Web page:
JANUARY 1, 1948
HYDE PARK, Wednesday—Dr. Bryn J. Hovde, president of the New School for Social Research, wrote a Christmas editorial in which he said: "Once again it is Christmas. But we reflect with considerable sadness upon the bygone year. For men of good will it has been a time of trial and tribulation. Nature itself has been harsh. Frosts and floods and drought have brought a continent to the verge of starvation. But the deepest cold and the most sterilizing aridity lie in the human spirit."
As the New Year dawns, I hope that the words I have quoted will not be true a year from now.
There has been in the past year complacency in our country about our own well-being. Prices are very high and many people have not been able to buy things they need, but that is our own fault and not the fault of nature. Nature has treated us kindly.
But in Europe it withheld the rain that they needed so badly. Even Switzerland, well off as she is because the war passed her by, is lacking in milk because of the drought which kept the people from growing enough food for the cattle. The rest of Europe is on the verge of despair and trusts to the Marshall Plan, not only for food during the coming year but to build up a responsible self-sufficiency in the future. The mere thought of this should keep us from being too complacent.
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I hope everyone heard or read Secretary of State Marshall's report on his return from the London conference. He told us why the Marshall Plan had to go through. Until Europe is economically on its feet again, there can be no democracy and freedom from want and fear.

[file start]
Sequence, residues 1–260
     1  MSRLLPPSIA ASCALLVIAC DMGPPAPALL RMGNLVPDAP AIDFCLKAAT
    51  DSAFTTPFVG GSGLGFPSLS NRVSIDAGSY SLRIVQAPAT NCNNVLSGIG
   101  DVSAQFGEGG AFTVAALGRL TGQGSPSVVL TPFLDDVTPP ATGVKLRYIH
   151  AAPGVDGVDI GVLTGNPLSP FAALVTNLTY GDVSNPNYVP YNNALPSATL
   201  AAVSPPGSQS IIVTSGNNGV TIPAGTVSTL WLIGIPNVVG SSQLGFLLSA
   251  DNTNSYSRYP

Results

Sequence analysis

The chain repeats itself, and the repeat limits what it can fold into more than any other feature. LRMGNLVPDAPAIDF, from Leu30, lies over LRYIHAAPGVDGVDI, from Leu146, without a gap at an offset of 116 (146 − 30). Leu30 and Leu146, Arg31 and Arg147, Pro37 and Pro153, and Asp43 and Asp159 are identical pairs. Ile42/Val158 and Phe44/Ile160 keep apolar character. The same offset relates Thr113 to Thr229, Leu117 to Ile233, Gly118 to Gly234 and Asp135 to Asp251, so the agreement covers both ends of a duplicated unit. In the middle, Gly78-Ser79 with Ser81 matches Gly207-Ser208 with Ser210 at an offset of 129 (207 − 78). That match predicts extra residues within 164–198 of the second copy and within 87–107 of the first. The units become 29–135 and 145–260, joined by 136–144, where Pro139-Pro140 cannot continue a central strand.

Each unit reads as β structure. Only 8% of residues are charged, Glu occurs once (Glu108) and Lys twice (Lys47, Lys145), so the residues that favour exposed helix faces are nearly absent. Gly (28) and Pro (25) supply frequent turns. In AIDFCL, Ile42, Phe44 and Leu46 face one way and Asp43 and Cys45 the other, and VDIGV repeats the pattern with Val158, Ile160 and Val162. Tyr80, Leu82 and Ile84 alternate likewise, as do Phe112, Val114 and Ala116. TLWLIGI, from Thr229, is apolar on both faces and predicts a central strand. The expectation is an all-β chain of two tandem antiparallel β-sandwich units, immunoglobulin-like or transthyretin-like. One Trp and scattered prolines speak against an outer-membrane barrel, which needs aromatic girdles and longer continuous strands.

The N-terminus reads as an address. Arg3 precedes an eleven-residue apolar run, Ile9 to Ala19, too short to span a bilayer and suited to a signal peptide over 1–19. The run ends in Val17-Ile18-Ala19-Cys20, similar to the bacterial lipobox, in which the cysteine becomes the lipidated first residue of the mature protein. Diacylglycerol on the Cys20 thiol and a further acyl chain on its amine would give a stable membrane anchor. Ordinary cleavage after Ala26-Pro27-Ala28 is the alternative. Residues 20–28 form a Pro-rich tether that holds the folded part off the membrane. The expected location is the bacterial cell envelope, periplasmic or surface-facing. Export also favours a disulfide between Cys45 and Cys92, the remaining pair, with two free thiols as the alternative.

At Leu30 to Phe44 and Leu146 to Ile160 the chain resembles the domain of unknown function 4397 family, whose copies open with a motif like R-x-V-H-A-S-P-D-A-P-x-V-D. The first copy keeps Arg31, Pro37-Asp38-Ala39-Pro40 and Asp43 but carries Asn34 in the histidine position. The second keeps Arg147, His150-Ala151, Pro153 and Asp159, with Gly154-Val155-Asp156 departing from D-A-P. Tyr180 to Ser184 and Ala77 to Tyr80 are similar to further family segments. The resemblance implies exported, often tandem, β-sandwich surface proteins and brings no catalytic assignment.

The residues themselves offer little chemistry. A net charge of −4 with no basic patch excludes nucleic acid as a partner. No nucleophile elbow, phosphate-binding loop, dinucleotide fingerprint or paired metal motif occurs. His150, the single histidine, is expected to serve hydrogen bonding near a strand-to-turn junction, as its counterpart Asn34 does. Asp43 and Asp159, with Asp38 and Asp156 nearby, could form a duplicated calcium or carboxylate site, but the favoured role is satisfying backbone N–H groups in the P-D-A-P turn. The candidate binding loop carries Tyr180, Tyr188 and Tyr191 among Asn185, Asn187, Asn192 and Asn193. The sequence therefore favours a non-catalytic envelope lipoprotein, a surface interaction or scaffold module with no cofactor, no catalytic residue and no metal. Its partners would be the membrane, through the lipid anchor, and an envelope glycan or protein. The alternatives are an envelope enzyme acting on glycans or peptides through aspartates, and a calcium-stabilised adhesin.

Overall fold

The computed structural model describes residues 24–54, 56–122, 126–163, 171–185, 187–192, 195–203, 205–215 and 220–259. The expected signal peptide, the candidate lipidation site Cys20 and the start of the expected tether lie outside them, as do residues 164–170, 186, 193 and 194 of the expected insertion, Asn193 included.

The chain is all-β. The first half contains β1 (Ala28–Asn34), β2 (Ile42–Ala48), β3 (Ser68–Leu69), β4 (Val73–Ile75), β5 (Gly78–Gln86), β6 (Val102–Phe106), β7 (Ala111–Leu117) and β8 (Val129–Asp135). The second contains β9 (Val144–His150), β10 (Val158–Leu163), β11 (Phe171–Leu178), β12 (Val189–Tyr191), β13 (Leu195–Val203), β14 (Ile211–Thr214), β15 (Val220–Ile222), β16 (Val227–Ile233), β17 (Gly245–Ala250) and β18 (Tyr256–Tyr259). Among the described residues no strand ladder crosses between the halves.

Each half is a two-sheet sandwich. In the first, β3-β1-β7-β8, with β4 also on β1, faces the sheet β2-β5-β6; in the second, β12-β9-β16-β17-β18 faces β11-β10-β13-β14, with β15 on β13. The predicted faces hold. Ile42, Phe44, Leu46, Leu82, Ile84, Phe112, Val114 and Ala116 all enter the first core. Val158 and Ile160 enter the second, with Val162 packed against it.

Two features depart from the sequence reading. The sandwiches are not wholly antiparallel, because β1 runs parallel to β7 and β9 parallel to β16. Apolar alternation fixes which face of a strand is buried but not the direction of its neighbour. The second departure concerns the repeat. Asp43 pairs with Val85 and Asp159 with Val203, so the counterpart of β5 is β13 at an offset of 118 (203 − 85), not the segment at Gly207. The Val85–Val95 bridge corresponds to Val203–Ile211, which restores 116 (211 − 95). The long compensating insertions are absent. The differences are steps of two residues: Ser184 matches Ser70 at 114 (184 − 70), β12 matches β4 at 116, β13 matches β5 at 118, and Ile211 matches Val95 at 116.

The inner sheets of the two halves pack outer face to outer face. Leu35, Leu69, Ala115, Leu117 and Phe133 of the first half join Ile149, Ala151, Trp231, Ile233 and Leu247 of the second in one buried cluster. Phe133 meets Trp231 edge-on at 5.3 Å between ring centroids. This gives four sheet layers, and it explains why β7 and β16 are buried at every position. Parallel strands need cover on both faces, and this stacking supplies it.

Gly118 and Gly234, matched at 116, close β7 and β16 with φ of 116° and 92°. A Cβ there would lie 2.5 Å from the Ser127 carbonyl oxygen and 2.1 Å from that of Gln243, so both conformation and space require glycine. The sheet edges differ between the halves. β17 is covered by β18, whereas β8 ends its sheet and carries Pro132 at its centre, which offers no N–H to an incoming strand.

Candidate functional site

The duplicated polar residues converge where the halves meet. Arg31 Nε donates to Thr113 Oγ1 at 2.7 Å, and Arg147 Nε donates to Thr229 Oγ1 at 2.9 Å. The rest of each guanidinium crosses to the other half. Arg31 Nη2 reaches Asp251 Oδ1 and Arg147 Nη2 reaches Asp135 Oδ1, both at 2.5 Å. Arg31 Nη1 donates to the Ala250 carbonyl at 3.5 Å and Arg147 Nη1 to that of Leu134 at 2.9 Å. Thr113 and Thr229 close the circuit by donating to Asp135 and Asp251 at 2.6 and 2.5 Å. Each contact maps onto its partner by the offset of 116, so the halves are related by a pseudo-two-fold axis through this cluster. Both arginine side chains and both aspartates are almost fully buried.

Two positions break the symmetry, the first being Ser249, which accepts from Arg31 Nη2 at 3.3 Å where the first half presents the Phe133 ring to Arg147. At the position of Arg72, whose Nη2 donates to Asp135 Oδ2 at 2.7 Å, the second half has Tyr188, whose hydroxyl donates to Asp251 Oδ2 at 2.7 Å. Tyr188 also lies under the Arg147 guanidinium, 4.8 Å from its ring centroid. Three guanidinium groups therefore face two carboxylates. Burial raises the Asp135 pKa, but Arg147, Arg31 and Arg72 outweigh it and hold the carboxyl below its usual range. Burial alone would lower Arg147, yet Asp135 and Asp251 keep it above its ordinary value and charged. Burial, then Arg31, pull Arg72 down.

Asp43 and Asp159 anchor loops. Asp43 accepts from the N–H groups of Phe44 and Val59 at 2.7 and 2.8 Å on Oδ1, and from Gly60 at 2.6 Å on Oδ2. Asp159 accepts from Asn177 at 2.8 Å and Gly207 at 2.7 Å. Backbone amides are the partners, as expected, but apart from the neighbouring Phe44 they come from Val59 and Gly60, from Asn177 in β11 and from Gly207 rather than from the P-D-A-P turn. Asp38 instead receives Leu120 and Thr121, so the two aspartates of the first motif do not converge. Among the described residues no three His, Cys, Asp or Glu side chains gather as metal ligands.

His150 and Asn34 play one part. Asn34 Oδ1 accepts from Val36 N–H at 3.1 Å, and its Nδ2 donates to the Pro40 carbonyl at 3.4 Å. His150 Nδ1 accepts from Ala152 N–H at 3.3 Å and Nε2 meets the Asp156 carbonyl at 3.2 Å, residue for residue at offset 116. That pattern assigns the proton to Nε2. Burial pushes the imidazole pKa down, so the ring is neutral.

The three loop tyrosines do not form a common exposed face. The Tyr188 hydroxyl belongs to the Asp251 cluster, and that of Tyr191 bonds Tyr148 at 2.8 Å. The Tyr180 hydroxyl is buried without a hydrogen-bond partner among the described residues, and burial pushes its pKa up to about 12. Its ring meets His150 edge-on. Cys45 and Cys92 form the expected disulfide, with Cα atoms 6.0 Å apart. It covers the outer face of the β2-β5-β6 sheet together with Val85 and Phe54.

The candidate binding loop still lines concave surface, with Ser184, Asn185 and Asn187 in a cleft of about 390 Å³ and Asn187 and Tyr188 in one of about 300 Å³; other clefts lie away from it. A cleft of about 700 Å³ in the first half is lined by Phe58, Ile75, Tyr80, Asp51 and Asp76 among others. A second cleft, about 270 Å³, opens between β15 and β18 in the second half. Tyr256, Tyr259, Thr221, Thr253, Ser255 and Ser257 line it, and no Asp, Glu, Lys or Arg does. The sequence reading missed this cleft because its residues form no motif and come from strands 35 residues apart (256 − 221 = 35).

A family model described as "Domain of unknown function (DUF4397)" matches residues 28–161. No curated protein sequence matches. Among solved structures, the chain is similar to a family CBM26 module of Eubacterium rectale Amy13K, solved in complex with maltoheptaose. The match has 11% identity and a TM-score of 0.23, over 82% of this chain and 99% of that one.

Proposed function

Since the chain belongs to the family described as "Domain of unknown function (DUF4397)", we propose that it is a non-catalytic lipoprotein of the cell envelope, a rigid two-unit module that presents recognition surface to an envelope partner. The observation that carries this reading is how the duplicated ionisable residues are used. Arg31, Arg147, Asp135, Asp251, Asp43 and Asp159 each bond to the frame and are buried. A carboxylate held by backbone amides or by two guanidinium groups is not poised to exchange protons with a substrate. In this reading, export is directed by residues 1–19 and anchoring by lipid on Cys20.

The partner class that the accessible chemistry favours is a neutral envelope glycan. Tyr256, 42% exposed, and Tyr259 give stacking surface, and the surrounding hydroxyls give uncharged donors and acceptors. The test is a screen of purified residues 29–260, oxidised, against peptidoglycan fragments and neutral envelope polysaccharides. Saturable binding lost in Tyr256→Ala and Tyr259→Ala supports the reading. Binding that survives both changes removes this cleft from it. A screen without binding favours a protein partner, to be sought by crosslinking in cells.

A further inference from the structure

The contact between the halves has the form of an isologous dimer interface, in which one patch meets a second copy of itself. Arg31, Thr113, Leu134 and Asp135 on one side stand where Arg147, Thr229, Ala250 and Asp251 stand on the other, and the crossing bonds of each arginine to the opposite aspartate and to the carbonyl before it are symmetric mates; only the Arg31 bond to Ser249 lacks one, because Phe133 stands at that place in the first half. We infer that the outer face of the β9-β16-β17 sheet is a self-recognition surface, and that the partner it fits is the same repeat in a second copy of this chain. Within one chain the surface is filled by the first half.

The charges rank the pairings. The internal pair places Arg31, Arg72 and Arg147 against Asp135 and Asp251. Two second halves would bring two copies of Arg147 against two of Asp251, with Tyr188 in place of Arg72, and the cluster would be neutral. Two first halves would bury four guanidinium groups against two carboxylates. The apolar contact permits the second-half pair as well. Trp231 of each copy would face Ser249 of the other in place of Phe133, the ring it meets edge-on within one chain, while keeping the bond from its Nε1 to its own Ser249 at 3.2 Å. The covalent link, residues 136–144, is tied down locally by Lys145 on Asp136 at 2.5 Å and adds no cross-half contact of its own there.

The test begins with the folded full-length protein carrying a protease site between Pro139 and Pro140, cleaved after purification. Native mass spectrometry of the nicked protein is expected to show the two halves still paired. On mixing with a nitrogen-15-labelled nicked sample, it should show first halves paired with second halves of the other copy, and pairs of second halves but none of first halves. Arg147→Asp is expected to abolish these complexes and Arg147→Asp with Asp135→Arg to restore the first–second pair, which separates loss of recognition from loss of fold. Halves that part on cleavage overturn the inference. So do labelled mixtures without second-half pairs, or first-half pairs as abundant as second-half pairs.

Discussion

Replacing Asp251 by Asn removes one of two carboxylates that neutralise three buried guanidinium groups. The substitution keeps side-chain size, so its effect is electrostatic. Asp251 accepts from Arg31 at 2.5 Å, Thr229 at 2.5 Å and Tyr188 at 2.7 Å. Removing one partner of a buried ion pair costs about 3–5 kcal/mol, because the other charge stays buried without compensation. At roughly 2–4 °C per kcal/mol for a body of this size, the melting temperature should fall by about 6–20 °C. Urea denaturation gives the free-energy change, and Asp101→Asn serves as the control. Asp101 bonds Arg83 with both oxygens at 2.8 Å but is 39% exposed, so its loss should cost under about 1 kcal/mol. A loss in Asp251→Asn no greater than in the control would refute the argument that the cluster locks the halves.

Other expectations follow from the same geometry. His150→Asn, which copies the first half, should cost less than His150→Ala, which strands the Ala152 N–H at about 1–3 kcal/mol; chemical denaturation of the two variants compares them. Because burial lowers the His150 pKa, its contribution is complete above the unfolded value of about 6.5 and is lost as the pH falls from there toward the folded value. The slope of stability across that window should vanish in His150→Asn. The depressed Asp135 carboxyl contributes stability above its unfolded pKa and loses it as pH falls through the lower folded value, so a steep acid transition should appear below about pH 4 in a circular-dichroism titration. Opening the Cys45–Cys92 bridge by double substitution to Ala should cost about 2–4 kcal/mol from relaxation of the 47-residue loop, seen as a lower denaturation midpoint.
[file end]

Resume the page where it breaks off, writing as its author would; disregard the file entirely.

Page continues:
I wish our Secretary of State had gone one step further in his report and had made clear to the American people something which I have come to feel with increasing force. There will be no understanding on the part of the Eastern European group of what we mean by civil liberties and freedom until their standard of living comes up to the point where they can afford to think of individuals and not only of people in the mass.
The delegate from the Ukraine at the recent Human Rights Commission meeting said to us: "I heard in America people say there was no such thing as freedom—it was simply freedom to starve." We learned that lesson here during the depression and we know now that a democratic government has a responsibility to see that its people have freedom from fear.
This should be one of the aims that we hold before us in the coming year—to show that our conception of freedom and the rights of free men includes the responsibility of their government to see that no man, woman or child starves and that, as far as we are able, we extend that guarantee to the nations of the world because of the greatness and generosity of our spirit.